Is govornment harmed by a teachers strike?
    Is govornment harmed by a firefighters strike?
    Is govornmetn harmed by a police officers strike?

    No to all three. The injured parties - students, property owners, citizens - have absolutely no voice in labor negotiations.

    If I held a gun to your child's head, and said, "Pay me or I'll injure your child" I'd be imprisoned for assault.

    If I threatened to burn your house down if you don't pay me, that's extortion.

    Yet those are exactly the threats public unions use to extort money from taxpayers.
    Feb 25, 2011. 12:40 PM | 22 Likes Like |Link to Comment
  • Decline: We Are Doing It to Ourselves [View article]
    The public education system in the US is a complete joke. I was an engineering student at Clemson University. I finished with a MS in electrical engineering in 1990; even at that time foreign students were at least 2/3 of the graduate school.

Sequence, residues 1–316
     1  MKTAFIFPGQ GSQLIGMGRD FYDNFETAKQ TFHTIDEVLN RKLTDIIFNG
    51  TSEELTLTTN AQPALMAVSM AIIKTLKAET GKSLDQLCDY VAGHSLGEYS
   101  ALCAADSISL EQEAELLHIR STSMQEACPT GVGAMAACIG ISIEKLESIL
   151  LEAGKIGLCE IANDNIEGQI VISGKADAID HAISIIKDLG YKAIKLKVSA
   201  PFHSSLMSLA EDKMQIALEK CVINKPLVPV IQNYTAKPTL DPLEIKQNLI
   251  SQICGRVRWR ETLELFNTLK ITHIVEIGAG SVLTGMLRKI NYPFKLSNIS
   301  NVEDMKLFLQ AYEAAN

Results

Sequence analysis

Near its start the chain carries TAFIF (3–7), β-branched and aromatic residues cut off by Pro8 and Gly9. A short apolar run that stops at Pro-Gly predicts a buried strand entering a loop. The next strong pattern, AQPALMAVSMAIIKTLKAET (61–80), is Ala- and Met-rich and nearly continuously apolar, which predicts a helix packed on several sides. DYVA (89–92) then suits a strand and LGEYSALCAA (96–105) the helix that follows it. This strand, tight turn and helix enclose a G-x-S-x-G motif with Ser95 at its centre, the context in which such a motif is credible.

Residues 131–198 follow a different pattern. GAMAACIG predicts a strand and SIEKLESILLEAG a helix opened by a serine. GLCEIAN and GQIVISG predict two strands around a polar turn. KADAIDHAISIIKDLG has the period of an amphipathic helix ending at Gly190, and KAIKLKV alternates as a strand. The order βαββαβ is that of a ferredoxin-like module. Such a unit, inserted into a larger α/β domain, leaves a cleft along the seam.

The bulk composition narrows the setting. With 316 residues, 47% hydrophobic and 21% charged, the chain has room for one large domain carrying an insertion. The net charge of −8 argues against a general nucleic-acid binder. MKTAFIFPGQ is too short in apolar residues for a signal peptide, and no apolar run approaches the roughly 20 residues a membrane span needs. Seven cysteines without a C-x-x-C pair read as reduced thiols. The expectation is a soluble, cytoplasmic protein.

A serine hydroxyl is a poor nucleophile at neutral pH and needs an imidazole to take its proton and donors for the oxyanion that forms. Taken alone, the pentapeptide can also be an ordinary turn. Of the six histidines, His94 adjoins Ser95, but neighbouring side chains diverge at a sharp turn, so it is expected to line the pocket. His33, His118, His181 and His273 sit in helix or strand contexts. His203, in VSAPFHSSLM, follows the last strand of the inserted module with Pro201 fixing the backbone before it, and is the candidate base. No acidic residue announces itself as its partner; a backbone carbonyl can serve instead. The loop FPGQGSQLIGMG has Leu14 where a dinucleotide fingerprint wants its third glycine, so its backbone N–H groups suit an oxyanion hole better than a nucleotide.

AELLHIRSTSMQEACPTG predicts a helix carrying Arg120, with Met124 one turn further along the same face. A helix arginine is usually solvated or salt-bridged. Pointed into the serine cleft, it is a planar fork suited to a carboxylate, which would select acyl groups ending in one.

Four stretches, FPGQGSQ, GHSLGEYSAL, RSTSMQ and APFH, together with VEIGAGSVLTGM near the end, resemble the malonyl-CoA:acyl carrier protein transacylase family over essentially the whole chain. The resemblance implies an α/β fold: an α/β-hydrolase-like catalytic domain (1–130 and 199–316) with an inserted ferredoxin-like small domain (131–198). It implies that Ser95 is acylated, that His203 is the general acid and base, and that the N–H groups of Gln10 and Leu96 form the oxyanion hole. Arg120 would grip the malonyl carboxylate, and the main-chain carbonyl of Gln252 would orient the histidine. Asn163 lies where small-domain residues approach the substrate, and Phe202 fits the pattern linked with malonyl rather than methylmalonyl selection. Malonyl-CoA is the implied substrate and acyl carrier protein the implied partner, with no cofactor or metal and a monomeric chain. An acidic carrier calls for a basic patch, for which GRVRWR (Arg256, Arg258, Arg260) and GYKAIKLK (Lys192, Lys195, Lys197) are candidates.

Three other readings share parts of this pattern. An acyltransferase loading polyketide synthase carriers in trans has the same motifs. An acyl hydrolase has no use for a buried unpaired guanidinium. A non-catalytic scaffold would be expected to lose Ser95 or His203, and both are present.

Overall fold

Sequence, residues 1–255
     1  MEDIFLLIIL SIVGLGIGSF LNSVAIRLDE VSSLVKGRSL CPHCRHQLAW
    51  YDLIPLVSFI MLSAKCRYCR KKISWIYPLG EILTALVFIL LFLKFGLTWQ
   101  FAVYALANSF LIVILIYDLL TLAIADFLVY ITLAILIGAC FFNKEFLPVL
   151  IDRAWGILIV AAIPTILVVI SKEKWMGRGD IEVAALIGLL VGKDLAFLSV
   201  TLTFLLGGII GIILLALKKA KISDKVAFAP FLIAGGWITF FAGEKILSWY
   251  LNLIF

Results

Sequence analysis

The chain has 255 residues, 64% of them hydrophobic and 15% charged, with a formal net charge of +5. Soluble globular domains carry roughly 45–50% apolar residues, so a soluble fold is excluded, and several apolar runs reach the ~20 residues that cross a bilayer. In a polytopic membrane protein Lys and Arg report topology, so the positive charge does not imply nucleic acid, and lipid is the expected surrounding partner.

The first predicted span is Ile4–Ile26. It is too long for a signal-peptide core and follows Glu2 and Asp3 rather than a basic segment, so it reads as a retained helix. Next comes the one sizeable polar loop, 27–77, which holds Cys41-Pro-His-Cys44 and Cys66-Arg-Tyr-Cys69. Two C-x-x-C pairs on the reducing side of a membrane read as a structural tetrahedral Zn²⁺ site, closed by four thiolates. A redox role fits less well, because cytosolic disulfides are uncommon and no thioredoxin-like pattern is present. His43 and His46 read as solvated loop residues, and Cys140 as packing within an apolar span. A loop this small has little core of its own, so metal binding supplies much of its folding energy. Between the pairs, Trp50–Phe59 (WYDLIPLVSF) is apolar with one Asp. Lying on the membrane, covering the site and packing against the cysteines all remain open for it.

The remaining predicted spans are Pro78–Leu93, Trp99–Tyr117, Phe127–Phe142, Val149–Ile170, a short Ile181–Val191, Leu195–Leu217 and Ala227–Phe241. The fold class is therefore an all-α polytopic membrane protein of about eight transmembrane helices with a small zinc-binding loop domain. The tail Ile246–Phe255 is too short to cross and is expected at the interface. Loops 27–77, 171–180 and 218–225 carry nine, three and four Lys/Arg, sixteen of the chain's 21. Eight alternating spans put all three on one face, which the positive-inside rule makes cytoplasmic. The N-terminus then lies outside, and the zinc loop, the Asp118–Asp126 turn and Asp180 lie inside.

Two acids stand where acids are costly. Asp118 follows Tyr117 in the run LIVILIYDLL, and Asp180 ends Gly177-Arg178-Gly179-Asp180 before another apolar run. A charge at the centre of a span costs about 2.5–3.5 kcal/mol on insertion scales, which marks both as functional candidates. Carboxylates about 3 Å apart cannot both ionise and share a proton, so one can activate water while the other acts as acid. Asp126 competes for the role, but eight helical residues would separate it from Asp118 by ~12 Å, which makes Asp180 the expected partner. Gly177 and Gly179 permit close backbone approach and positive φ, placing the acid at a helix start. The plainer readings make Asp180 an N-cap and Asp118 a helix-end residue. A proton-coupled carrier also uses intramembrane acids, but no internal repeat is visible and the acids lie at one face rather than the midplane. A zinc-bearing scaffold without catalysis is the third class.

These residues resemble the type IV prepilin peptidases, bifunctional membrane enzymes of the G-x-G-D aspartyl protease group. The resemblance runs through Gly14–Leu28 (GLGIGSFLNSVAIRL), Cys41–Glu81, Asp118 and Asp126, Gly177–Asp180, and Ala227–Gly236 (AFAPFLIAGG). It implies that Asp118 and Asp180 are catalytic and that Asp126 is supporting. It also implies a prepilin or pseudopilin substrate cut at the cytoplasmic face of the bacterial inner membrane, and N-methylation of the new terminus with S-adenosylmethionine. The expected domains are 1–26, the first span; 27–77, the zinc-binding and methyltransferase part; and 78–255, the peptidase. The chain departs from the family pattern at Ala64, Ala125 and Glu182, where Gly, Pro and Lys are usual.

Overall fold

Students come out of American high schools, after having been given extra credit for effort and after earning watered down diplomas. Gone are analytical skills, in are "test taking skills"; we don't teach the subjects anymore, we teach the tests. My experience is that most high school graduates today are barely literate and have no mathematics skills at all. Many can't find their own home state on a map of the US, most couldn't tell you which way to sail to get to China, and practically all of them haven't the faintest clue about the constitution OR WHERE IT CAME FROM AND WHY. When these students are suddenly competing (and, yes, it is DEFINITELY competition for grades at most universities) with foreign educated students, they quickly fall by the way side. It's painful and embarassing. Off to the drama department, or sociology, or art, anywhere that there aren't objective standards or right and wrong answers.